Incentive Creatures (Creature spells cost 1 less to cast if this creature attacked this turn).
But it’s not just that. Look at Annihilator. What should combat mechanics be tied to combat. Of course, it has to make sense flavor-fully; the Eldrazi where larger than life creatures eating away at the plane of Zendikar. But it could be a whole bunch of effects that encourages attacking or blocking that are small benefits.
Explore (Whenever this creature attacks, put a land card from your hand onto the battlefield.)
Offspring (Whenever this creature attacks or blocks, but a 1/1 Green Sparoling token onto the battlefield.)
Resume (Whenever this creature attacks or blocks, a card from your graveyard onto the bottom of your library.)
But making non-Power/Toughness altering combat mechanics are difficult to do. You have to create something that’s small enough with a benefit, but not too big that it dramatically warps their use (The Eldrazi get a pass because at that much mana, that was the point. You don’t see Annihilator on a 1/1 for 1). Each other category didn’t last more than a set (Banding was, well, Banding and is special in it’s own way). You can’t force the mechanic to got more than 20 cards if they can’t support it. But designing a mechanic for more than one set is a topic for another time.
It doesn’t have to even be a keyword if you don’t want it do. When looking at the keyword you’ve created, if it’s really awkward of three creatures attack and trigger that keyword, then maybe it shouldn’t be a keyword (this requires play testing more than just eyeballing). Maybe they can be a cycle of cards, just like the Titans.
But what colors should we stick the combat mechanics? There’s an easy trail that you can take to find out where they should go. While it’s important to keep them in the colors that make sense, at least for the block, three colors should get a majority of the combat mechanics. Red, White and Green are the combat and creature colors. Black, depending on the flavor and creature type, is 4th while Blue is last. Don’t feel sad for Blue and Black, they tend to get the best mechanics for spells, historically. This is why White has gotten a huge share of the combat mechanics, it’s very combat oriented. Blue isn’t.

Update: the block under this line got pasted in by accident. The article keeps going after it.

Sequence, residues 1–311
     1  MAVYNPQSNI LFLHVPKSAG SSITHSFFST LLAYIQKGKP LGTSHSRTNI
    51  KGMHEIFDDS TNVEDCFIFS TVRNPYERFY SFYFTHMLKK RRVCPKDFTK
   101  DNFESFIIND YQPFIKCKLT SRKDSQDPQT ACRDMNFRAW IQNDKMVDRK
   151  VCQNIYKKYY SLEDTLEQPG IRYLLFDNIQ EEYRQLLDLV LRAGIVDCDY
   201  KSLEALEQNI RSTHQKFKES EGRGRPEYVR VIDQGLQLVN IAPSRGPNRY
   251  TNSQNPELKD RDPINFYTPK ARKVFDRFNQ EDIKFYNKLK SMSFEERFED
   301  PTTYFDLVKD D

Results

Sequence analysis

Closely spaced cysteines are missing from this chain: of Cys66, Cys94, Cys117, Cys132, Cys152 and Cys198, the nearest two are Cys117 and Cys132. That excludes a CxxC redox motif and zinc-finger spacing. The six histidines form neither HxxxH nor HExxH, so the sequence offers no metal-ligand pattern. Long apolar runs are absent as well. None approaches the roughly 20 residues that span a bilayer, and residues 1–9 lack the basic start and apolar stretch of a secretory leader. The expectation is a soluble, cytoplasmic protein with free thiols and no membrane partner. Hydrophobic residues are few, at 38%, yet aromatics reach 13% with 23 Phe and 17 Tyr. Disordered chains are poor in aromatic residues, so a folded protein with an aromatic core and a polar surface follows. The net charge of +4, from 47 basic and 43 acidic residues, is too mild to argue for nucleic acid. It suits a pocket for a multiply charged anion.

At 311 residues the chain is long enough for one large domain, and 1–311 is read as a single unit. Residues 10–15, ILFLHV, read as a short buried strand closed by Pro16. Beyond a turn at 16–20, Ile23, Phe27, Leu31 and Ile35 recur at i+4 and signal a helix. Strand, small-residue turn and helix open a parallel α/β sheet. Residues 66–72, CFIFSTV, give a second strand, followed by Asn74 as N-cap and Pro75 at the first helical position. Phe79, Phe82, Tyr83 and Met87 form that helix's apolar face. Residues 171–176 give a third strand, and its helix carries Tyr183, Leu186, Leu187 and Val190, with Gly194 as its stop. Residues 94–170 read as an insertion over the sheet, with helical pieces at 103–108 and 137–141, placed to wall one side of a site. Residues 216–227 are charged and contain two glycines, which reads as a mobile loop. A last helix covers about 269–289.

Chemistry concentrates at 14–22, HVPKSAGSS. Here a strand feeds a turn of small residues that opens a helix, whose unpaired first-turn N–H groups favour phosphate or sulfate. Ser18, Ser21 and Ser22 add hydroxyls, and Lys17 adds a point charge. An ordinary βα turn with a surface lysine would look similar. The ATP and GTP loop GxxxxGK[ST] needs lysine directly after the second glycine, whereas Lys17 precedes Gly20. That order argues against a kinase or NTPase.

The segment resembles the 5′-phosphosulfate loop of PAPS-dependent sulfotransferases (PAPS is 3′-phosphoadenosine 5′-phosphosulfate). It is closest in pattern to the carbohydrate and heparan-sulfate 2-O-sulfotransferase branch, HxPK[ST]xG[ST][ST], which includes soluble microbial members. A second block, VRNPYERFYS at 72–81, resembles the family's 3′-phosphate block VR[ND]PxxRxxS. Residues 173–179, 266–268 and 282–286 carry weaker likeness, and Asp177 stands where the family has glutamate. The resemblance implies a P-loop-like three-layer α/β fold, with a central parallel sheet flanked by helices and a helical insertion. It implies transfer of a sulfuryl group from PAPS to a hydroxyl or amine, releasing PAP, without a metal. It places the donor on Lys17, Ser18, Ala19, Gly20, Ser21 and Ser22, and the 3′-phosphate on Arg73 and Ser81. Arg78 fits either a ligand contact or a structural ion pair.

This is where Bloodthirst comes in. Bloodthirst wants you to be aggressive with the creatures, no sit back and have you block all day. You get in there, do damage and you get rewarded with a bigger creature to go smash face with. Bloodthirst is a combat mechanic, but in a very weird way. And the colors it’s seen in: Red, Green and Black (that’s where the flavor of Vampires comes in).
As the game gets older, you’ll start to see more and more combat mechanics. For the most part, they have to be diverse enough to be remembered easily. Unless there’s a “fixed” Banding, you won’t see anything that complicated. Because we had Banding in the first place, the game showed that more complex mechanics were possible, just nothing like that.
You could see new keywords from existing cards; I wouldn’t be surprised to see a “blocking” Battle Cry sometime, though it might seem like it would slow down the game quite a bit. In fact, I bet the next combat mechanic won’t even fit into one of these neat little packages but in category all on its own (No inside information, just a hunch). There’s just too much space left undiscovered with the combat mechanic.
After all, there’s always a plane in the Multiverse where people aren’t getting along.